Saturday, May 9, 2015

A few articles you may have missed this week

Truth Team
You're one of the best messengers we've got in this movement. Here's some recommended reading that's easy to share. No fluff, just facts -- that's the Truth Team way.

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Good news: U.S. economy adds 223,000 jobs
CNN Money // Patrick Gillespie

America can breathe a sigh of relief. The economy is improving with the spring weather. The U.S. added 223,000 jobs in April, a healthy pick up after a disappointing March and about in line with what economists surveyed by CNNMoney projected. April's strong job gains reflect a trend the country saw last year: job growth cooling in the winter months, then gaining momentum into the spring.

New study gives more evidence of Obamacare gains for millions
LA Times // Noam N. Levey

As congressional Republicans move toward another vote on repealing the Affordable Care Act, new evidence was published Wednesday about the dramatic expansion of insurance coverage made possible by the law. Nearly 17 million more people in the U.S. have gained health insurance since the law's major coverage expansion began, according to a study from the Rand Corp., a Santa Monica nonprofit research firm. That tally takes into account 22.8 million newly insured people and 5.9 million who lost coverage in the last year and a half.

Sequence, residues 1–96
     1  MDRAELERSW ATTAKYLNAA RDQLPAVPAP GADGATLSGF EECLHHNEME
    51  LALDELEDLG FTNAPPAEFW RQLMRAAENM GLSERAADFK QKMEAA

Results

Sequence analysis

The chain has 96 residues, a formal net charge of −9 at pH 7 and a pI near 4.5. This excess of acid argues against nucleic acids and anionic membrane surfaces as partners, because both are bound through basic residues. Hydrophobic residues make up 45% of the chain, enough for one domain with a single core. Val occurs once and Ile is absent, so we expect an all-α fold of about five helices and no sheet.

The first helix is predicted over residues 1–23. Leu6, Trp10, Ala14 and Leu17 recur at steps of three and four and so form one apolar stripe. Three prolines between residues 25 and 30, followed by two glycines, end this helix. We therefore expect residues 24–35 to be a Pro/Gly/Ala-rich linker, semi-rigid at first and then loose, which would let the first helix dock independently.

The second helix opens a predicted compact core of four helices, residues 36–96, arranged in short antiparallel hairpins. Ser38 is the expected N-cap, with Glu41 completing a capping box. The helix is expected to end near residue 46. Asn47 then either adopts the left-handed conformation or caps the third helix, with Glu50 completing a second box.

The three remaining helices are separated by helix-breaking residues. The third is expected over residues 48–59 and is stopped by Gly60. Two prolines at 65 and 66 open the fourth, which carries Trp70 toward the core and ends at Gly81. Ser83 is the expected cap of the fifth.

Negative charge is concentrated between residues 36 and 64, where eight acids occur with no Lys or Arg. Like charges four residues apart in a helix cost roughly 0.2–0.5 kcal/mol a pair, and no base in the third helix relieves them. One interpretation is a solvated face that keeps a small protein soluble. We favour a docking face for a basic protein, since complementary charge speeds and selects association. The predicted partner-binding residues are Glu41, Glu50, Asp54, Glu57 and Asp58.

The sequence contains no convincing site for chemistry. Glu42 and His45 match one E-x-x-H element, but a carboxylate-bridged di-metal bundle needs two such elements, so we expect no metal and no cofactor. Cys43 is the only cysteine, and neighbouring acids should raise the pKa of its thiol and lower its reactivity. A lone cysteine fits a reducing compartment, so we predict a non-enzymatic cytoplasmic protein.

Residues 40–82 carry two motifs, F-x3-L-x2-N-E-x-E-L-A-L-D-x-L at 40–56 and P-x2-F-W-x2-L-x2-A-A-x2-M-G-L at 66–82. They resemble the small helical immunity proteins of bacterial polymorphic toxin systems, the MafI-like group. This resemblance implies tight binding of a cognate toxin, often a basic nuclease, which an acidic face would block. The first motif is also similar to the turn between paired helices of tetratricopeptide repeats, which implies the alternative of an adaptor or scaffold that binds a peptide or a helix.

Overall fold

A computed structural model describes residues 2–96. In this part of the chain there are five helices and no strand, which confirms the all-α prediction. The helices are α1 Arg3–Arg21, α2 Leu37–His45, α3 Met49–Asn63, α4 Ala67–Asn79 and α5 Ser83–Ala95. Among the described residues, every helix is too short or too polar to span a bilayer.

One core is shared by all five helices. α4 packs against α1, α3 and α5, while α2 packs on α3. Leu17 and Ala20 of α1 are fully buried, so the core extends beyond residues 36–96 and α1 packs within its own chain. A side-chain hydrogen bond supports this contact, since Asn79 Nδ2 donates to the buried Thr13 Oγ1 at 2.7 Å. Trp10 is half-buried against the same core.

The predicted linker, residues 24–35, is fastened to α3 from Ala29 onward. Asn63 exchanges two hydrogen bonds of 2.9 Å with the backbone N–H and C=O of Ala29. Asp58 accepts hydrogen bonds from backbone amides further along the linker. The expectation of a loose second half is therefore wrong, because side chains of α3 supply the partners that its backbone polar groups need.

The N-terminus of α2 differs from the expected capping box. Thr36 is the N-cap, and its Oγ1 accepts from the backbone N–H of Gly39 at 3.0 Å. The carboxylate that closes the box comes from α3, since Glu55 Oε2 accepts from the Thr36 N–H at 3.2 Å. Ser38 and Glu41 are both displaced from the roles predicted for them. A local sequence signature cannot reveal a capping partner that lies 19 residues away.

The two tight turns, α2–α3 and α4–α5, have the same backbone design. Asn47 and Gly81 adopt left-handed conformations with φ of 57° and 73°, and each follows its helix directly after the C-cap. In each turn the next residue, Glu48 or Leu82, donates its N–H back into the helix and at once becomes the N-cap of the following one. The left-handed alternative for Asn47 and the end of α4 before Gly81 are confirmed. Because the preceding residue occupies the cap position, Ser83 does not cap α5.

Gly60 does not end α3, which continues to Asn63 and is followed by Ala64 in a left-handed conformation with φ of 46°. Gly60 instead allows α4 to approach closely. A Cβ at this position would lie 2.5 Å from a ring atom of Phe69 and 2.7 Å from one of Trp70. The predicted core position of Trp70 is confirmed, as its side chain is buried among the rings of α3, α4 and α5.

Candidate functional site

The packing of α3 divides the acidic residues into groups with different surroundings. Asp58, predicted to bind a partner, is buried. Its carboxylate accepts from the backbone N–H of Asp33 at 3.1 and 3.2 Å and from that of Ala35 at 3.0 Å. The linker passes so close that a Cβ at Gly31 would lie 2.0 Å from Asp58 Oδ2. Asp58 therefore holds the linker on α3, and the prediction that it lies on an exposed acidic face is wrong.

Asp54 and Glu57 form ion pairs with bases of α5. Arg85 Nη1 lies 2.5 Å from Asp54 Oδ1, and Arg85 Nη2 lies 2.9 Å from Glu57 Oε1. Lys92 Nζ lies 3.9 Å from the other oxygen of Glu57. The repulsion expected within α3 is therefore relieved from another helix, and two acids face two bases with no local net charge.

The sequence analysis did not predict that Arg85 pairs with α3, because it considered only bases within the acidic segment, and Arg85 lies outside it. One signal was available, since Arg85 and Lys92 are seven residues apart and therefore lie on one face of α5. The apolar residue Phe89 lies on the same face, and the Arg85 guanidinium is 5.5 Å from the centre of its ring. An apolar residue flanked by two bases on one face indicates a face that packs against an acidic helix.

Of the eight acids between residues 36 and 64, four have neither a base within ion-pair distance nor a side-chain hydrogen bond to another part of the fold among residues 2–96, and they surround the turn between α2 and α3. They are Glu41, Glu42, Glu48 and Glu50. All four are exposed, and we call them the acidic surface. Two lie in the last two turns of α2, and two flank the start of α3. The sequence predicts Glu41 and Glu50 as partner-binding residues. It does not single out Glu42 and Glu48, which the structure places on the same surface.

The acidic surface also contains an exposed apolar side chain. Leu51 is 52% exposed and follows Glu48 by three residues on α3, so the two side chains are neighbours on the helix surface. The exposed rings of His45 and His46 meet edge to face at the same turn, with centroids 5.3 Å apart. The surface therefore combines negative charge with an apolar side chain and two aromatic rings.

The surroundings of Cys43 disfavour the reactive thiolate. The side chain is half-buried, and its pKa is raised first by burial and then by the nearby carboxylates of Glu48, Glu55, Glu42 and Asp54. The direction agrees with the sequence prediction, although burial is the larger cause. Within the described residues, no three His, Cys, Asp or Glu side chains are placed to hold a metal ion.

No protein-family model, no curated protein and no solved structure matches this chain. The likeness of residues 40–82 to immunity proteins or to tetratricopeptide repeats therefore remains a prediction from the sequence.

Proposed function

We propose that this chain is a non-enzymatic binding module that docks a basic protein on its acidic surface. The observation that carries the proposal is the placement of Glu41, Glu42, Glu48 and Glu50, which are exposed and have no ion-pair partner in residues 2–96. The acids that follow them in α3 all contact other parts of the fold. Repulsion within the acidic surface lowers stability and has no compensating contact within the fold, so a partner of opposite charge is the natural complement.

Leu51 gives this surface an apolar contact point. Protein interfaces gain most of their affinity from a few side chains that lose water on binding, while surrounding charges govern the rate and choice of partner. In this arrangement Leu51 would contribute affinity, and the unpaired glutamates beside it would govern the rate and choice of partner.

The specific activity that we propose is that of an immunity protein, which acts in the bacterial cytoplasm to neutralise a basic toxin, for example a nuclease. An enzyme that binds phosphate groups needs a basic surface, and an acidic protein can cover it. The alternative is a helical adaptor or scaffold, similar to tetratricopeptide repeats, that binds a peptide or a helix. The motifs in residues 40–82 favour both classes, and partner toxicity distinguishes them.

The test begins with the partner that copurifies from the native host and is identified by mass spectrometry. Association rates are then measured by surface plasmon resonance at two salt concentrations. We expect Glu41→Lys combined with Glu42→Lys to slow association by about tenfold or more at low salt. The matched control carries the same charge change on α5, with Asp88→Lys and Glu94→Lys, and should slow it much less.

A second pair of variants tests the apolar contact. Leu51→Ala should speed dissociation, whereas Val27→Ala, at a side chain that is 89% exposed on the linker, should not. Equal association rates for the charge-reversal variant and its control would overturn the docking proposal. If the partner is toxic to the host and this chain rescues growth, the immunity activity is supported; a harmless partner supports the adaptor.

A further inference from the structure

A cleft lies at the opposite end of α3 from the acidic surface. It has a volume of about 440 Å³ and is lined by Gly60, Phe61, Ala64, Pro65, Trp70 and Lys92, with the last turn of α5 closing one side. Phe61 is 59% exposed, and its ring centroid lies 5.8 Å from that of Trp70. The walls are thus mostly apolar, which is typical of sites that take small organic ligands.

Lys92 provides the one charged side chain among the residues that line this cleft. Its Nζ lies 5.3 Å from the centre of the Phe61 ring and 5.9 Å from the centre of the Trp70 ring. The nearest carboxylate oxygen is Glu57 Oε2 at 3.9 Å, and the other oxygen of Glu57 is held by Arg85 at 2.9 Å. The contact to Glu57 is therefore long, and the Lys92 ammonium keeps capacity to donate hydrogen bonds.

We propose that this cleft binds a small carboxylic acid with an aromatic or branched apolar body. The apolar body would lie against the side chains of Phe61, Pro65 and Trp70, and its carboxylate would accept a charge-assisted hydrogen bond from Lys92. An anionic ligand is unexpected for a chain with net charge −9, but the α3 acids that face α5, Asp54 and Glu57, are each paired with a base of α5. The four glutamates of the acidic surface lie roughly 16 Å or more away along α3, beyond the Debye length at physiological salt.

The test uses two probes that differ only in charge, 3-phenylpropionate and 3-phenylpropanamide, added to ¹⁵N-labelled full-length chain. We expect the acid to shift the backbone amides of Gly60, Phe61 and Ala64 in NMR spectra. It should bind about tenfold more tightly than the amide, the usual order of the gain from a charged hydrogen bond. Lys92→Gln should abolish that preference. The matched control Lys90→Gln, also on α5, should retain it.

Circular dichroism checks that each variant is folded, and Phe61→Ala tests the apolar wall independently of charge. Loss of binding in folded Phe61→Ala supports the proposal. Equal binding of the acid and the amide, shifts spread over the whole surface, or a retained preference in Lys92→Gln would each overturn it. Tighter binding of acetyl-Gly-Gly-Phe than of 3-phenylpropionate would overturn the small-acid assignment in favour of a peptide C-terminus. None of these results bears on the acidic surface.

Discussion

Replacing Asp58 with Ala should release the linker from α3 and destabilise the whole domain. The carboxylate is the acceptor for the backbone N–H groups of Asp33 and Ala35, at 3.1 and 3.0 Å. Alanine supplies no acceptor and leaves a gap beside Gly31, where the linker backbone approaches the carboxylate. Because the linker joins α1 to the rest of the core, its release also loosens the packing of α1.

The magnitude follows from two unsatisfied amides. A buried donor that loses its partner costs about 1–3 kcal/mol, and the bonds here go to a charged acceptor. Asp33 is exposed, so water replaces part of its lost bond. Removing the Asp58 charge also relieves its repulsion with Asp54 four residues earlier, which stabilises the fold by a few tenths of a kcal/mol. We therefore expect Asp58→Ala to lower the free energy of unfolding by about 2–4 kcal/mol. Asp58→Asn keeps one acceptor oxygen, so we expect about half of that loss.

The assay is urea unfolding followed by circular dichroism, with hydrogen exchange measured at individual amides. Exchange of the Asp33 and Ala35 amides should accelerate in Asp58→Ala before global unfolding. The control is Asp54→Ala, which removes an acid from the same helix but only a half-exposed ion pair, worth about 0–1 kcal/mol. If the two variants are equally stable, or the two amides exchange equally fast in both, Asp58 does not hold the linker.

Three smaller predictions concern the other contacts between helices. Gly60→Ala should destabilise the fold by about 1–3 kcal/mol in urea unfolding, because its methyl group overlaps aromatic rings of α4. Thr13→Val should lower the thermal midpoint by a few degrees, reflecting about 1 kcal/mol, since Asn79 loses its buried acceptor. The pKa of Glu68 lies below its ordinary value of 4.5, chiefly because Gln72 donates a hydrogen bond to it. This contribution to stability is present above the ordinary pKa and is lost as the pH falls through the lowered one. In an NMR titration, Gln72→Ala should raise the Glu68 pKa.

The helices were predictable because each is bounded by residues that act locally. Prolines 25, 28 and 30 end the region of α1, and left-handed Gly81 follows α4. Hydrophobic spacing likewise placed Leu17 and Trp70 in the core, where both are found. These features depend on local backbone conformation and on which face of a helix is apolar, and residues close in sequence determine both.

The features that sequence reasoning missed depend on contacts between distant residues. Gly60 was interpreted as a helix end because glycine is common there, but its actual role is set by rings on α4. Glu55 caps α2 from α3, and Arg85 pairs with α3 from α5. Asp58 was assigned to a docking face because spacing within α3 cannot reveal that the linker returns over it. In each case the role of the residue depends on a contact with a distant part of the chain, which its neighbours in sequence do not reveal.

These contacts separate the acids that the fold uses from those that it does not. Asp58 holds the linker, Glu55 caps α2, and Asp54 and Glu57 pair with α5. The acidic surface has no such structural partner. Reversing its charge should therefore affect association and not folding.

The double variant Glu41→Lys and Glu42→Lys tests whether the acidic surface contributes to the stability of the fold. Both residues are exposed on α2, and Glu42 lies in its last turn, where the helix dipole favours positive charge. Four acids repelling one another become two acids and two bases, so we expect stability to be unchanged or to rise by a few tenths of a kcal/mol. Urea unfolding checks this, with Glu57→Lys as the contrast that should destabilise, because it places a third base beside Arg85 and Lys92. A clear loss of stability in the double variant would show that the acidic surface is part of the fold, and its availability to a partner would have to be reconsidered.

Clean Power Plan Would Save Thousands of Lives Each Year
Scientific American // Scott Detrow & ClimateWire

The Obama administration has taken great pains to frame its Clean Power Plan as an immediate solution for an immediate, quantifiable problem. President Obama and other high-level administration surrogates have routinely focused on easy-to-picture issues like asthma, rather than the more existential threat of an increasingly warming planet, as they try to sell an ambitious plan to lower the power sector's carbon emissions 30 percent below 2005 levels over the next 15 years. So the key takeaway of the first independent, peer-reviewed study on the U.S. EPA regulation's public health benefits was likely music to the administration's ears.

Cutting NASA's earth science budget is short-sighted and a threat
Washington Post // Marshall Shepherd

NASA Administrator Charles Bolden, one of the few people that has actually seen our home planet from the vantage point of space, issued a statement noting that proposed cuts, "gut our Earth science program and threatens to set back generations worth of progress in better understanding our changing climate, and our ability to prepare for and respond to earthquakes, droughts, and storm events..." This statement is measured and appropriate, but I am writing to amplify this statement.

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